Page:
Find A Hypnotherapist: All You Need to Know

Medically reviewed by Majesty Purvis, LCMHC
Updated April 11, 2024by Regain Editorial Team

Hypnotherapy can be categorized as one of the many types of therapy aimed at making observable and long-term changes to behavior. It is a form of psychotherapy that usually falls into the suggestion therapy category, since it typically involves the therapist making direct suggestions to the client. At the same time, the client is normally in a suggestible state to encourage changes in behavioral patterns. When looking for a hypnotherapist, it can be important to ensure they are certified by the American Society of Clinical Hypnosis. Another crucial factor may be that you feel comfortable with the therapist you choose because if you don’t feel safe and comfortable with them, it can be more challenging to enter a hypnotic state. You may find a hypnotherapist in your local area or online.

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What is hypnotherapy?

In essence, hypnotherapy is a form of therapy that relies on suggestions. In fact, the word “hypnotherapy” draws its meaning from the Greek words for “sleep” and “treatment.” 

Hypnotherapy is divided into experimental hypnosis and clinical hypnosis. Experimental hypnosis involves going into a hypnotic state to explore what one might discover in their subconscious, while clinical hypnosis is geared toward treating a specific psychosis or problem like chronic pain or post-traumatic stress disorder. Hypnotherapists often use clinical hypnosis to target treatment that is focused on long-term behavioral change or treating specific concerns like post-traumatic stress disorder.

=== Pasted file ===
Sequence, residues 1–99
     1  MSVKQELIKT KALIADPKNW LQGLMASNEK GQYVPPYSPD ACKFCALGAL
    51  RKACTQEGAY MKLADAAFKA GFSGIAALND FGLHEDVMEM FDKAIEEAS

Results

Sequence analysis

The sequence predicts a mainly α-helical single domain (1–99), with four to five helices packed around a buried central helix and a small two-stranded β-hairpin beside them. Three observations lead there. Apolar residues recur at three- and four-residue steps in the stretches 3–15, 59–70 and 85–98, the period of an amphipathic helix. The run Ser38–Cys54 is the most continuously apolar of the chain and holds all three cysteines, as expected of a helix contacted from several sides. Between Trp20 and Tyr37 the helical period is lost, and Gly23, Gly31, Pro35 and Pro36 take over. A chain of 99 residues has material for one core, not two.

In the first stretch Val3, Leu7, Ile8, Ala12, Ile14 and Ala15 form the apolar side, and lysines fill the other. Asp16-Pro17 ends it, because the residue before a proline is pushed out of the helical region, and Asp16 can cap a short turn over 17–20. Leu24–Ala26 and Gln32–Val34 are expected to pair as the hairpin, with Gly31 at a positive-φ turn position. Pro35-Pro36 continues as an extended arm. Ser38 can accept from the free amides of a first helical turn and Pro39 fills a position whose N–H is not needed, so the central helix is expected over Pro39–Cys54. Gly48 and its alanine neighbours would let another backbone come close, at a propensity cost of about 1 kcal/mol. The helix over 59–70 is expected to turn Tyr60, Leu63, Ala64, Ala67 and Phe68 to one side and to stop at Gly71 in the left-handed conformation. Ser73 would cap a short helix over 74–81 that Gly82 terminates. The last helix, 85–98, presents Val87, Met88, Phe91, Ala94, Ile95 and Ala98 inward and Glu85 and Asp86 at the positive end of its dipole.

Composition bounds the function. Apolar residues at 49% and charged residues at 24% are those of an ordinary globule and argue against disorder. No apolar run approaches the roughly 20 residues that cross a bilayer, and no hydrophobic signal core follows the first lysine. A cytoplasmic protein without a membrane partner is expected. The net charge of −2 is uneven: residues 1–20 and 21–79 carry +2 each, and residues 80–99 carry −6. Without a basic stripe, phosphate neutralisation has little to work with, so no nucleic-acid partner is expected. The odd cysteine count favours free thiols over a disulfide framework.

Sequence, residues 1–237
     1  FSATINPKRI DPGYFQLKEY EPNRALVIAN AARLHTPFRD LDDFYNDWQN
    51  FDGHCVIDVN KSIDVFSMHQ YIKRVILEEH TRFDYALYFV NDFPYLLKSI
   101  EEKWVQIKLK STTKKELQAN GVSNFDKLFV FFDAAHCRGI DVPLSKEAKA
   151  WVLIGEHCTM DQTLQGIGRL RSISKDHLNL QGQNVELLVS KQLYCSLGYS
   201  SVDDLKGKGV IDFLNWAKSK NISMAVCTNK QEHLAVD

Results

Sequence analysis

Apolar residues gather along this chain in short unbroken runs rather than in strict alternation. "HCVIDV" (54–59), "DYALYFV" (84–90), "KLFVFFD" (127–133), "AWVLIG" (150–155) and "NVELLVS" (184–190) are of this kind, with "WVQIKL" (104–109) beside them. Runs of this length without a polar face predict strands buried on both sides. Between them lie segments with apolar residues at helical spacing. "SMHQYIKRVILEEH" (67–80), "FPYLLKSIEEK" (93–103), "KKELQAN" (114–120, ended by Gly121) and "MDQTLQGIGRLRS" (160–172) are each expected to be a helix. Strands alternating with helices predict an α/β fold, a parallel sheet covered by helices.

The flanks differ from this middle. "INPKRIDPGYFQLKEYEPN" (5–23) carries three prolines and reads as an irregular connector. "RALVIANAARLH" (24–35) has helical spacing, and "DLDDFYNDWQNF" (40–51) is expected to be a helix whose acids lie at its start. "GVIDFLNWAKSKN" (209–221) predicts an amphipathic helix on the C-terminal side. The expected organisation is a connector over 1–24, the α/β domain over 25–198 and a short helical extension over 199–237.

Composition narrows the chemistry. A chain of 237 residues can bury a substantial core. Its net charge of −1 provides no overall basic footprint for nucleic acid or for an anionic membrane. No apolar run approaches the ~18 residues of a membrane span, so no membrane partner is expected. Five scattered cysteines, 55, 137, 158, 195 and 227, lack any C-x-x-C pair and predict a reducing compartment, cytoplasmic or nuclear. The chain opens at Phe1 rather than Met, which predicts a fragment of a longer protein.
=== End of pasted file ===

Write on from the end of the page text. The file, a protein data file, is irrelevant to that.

Does hypnosis work?

Clinical hypnosis and experimental hypnosis have had plenty of positive results, especially when it comes to the treatment of addiction, sleep disorders, post traumatic stress disorder, weight loss, pain management, and other behavioral changes. There are many observable links between mental health and hypnosis, not dissimilar to the connections found between meditation and stronger mental health.

These links between health and hypnosis have been proven time and time again. Many people feel well-rested and “reset” after they come out of the hypnotic state at the end of a session. They report feeling both mentally and physically rested. Many people also experience euphoria or a state of clarity that they haven’t felt while fully conscious outside of the hypnotic state.

Hypnosis has also been shown to be successful when it comes to family therapy. If you find a therapist who is certified and experienced with children, it can be safe for children as well. When it comes to marital family therapy, it can also be an excellent way to approach relationship problems with a long-term change and solution in mind. In this way, the vulnerability and suggestibility of hypnotherapy can spark positive change in your whole family with a generally low risk of side effects.

Of course, much like cognitive behavioral therapy, one key component to the success of clinical and experimental hypnosis can be to find a therapist that can make the hypnosis therapy work for you. This generally means that your guided hypnosis is only as good as your guide, so you may need to find a therapist that meets all your proper qualifications. For example, if you’re looking for a hypnotherapist who can help you with your post-traumatic stress disorder, you’ll likely want to find someone skilled in both hypnotherapy and PTSD.

What does a hypnotherapy session look like?

You probably have a picture in your head of a client lying on a couch with a therapist waving a watch back and forth in front of their eyes. This is the way that hypnotherapy sessions are often depicted in pop culture and media. While it’s not necessarily too far from reality, there may be more nuance to a hypnotherapy session.